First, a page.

Competence and Cognitive Difficulty in Physicians: A Follow-up Study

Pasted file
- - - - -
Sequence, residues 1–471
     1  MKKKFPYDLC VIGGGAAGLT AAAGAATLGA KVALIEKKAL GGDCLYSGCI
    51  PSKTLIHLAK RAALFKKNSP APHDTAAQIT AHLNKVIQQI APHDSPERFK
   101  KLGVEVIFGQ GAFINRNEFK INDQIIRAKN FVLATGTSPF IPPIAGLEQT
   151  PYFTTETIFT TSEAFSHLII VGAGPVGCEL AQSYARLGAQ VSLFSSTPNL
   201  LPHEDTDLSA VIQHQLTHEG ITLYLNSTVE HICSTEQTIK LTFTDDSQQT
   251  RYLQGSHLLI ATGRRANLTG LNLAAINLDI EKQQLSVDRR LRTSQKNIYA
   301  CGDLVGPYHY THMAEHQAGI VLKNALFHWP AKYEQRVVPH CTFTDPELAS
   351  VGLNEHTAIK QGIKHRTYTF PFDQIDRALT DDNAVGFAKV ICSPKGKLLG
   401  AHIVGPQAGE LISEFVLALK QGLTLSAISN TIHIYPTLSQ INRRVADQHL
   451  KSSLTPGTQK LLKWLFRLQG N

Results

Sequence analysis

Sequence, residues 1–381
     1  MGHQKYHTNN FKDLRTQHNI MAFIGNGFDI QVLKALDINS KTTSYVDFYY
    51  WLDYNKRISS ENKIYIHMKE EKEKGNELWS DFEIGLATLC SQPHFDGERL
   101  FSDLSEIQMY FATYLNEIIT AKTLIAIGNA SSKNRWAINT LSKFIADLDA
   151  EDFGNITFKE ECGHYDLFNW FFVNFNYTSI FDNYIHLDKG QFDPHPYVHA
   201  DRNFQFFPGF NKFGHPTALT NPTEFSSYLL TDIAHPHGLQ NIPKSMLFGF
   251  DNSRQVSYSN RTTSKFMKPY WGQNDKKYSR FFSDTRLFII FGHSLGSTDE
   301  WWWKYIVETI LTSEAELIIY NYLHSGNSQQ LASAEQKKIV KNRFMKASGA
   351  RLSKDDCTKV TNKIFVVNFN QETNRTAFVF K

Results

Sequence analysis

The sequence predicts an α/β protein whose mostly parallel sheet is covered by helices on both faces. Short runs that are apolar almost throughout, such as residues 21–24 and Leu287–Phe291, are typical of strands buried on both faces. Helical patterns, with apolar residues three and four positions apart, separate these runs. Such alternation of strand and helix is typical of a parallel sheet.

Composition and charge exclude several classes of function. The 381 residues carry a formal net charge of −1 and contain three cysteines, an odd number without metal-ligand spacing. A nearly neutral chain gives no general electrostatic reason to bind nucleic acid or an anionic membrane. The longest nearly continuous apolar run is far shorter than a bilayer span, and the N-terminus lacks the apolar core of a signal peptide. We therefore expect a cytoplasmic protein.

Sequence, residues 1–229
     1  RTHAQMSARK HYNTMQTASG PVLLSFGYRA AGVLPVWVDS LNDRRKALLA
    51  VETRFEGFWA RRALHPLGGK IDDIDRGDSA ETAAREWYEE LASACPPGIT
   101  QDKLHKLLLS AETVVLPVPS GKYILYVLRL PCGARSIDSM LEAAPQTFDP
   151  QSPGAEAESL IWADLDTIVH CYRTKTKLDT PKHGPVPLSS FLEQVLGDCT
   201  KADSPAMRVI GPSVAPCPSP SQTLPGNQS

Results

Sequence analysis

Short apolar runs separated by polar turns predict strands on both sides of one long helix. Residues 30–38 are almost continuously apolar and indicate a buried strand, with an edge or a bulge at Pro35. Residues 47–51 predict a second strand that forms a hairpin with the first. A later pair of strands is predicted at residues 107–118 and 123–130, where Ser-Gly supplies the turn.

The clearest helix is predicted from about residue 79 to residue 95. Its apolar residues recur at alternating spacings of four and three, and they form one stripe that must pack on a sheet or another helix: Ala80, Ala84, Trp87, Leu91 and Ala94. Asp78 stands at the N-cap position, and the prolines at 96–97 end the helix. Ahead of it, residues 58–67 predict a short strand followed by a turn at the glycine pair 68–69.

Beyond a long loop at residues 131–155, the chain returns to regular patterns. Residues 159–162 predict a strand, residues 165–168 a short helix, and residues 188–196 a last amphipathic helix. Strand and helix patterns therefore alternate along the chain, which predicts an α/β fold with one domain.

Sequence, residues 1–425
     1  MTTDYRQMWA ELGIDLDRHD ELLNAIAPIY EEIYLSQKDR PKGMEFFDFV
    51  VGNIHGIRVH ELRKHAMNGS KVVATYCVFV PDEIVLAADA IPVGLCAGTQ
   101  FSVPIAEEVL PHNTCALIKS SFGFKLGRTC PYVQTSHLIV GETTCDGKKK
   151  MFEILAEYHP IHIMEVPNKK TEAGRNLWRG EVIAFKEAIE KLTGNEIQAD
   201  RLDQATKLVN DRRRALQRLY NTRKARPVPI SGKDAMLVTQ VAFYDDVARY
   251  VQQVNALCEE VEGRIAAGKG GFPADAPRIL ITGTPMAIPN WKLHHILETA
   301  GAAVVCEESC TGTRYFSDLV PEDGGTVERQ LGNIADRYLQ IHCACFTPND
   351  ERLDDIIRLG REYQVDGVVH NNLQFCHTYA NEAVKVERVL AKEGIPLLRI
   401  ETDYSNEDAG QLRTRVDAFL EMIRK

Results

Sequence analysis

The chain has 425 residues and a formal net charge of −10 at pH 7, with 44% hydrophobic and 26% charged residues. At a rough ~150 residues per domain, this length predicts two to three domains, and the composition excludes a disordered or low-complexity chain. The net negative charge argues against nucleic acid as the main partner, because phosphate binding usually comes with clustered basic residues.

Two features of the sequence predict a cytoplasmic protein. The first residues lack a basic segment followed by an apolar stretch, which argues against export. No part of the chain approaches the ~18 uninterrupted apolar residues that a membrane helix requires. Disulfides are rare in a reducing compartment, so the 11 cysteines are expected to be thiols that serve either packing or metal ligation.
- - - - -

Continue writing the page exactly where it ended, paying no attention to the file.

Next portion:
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PURPOSE: Remediation of incompetent physicians has proven difficult and sometimes impossible. The authors wished to determine whether such physicians had neuropsychological impairment sufficient to explain their incompetence and their failure to improve after remedial continuing medical education (CME). METHOD: Between 1997 and 2001, the authors undertook neuropsychological screening of 45 participants of a physician competency assessment program. For those physicians reassessed after a period of remediation, the authors relate the findings of the physicians' competence reassessments to their neuropsychological scores. RESULTS: Nearly all physicians performing well on competency assessment had no or mild cognitive impairment. Conversely, a significant number of physicians performing poorly on competency assessment had sufficient neuropsychological difficulty to explain their poor performance. The cognitive impairment was more marked in elderly physicians, and referencing the neuropsychological scores to an age-matched normative population underestimates the impairment. No physician with moderate or severe neuropsychological dysfunction had successful competency reassessment. Increasing age was associated with poor performance on competency testing, but was less strongly associated with unsuccessful reassessment. CONCLUSION: A large minority of the physicians who fell significantly below desired levels of competence had cognitive impairment sufficient to explain their lack of competence and their failure to improve with remedial CME.
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